Tips for Dampening the Ticking of the Clock

The ticking noise of your clock might get on your nerves during the colder months. It's recommended that you insulate the clock sound if you want to prevent being disturbed by it. It may be accomplished in a few different ways. There are a few options for quieting a ticking clock: covering the back with foam, replacing the mechanism, or installing acoustic dampening foam.

Durable, Scratch-Proof Laminated Glass

If you own a building and want to better insulate your windows from outside noise or if you're in the market for a new house, laminated glass should be on your list of must-have features. An excellent sound barrier may double as a selling point for nearby real estate.

When trying to find a strategy to muffle outside noise, it's important to think about the thickness of your glass and the interlayers you'll employ. You might also think about how big the window is and what goes on inside the building.

Glued glass is essentially two pieces of glass laminated together. An interlayer made of plastic or vinyl sits between the two pieces of glass to assist keep them in place and to shield the inside from the sun's ultraviolet radiation.

The market is flooded with various spacers and gas fills for insulated glass. Low-E glass, which is three times as energy-efficient as regular glass, may be combined with other varieties of glass for even greater savings.

Foam for Reducing Noise Levels

The clock sound may be effectively muffled using acoustic dampening foam, which also has the added benefit of improving the overall sound quality of the space. As a bonus, it will lessen the amount of echo and reverberation.

The invention of nanofoam has resulted in the creation of a new kind of foam. It blends the elasticity of microparticles with the acoustic qualities of regular soundproofing foam. As compared to conventional alternatives, the material significantly improves soundproofing performance, decreasing noise transmission by 20-22 dB.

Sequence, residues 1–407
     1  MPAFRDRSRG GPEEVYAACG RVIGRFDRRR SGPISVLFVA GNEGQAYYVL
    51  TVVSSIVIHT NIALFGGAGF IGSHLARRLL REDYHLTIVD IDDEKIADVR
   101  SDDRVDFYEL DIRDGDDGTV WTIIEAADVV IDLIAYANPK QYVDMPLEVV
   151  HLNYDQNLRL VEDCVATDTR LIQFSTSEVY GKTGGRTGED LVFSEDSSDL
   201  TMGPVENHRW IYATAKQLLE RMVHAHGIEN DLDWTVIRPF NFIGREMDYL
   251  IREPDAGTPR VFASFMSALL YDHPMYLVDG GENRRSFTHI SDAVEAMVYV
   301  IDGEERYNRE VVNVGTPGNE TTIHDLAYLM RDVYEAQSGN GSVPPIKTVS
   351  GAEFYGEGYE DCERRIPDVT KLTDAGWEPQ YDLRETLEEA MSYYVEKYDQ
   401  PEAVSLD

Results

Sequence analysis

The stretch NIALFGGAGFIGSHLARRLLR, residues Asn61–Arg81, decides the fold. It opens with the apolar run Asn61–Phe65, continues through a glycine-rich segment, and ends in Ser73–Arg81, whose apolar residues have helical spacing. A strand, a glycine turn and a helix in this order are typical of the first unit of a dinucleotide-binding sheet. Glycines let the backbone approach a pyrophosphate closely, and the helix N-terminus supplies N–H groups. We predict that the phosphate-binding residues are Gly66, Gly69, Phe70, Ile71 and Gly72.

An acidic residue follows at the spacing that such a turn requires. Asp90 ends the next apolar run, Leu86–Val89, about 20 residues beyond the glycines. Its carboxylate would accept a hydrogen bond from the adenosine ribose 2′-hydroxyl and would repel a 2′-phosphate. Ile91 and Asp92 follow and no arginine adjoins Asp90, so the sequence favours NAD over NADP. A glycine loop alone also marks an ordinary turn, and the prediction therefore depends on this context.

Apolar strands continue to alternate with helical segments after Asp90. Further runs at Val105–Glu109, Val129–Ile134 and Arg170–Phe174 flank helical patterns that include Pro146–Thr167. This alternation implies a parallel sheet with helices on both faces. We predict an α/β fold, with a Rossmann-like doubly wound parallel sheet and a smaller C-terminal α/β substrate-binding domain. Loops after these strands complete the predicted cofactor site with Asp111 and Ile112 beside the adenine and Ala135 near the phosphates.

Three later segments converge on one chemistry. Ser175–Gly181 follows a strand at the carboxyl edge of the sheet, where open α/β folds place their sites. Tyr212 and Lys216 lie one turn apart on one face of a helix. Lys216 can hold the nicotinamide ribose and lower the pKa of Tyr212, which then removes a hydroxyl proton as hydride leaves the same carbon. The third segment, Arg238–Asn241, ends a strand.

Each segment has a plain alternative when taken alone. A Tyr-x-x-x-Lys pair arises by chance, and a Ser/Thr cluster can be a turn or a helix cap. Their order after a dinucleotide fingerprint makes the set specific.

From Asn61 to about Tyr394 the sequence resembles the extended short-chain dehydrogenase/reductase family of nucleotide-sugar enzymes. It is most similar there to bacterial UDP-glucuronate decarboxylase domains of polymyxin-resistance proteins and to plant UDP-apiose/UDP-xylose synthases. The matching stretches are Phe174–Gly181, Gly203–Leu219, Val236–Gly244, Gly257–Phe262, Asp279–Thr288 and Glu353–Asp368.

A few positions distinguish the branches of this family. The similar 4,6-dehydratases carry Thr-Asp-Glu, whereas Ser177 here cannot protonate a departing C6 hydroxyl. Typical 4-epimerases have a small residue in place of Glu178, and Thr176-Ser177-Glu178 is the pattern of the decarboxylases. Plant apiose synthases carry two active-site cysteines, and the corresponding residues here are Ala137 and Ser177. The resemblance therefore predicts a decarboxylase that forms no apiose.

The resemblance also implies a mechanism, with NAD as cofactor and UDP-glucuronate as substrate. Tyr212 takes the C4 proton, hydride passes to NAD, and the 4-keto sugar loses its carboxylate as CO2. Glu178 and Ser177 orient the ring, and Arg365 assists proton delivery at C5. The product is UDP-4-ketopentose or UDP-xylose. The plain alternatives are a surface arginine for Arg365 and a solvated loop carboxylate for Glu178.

The new foam is aerogel-like in structure. Their particle pores can reach as small as 15 nm. A three-dimensional network of nanochannels is formed by these holes, which traps and dissipates noise.

Medium and high-frequency sounds are dampened by the new foam. Both Russian and Korean scientists have examined and approved of the substance. It is less expensive and simpler to implement than aerogel.

A young researcher from Far Eastern Federal University has created the substance. An international group of scientists (on which he worked) contributed to his research.

Protecting the Clock's Back

Whether you're trying to conceal a damaged clock or just in the market for a new one, you'll want to make the most of your wall clock. Ticking clocks might be annoying, but there are methods to lessen the noise they make.

Covering the clock's back with an attractive and sturdy case is the best method to do this. You may use anything from sturdy cork to transparent acrylic plastic for this purpose. Even a smaller clock might perhaps be concealed inside of a transparent glass jar.

For a more understated solution, try sealing the offending object within an airtight container. Not the most interesting approach, but it has its benefits.

For some, this may be a bit pricey, but if you're watching your pennies, this is your best bet.

Procedure Modification

Ticking noise can be mitigated by modifying the clock's mechanism to better isolate it from external noise. However, it may also be a bothersome distraction. The ticking sound is created by the clock mechanism, which consists of gears and tiny coils. Using insulating foam is another option for reducing the ticking sound. If you have an unsightly wall clock or pendulum clock, you may hide it using this approach. Ticking sounds will be muffled as well. However, not all varieties of timepieces will benefit from this technique. Adding a hefty mass within the clock is another possible solution. This strategy works well if there is wiggle room on the clock.

The use of an airtight container is another option for muzzling a ticking clock when there isn't enough area on the clock face. Useful for clocks with knobs protruding through the rear panel, this approach allows for easy adjustment.


Just added to your cart:
Excl. postage 
My Bag
Just added to your wishlist:
Excl. postage 
My Wishlist
You can contact us at or use the live chat feature at the bottom of the website!
Spin to win Spinner icon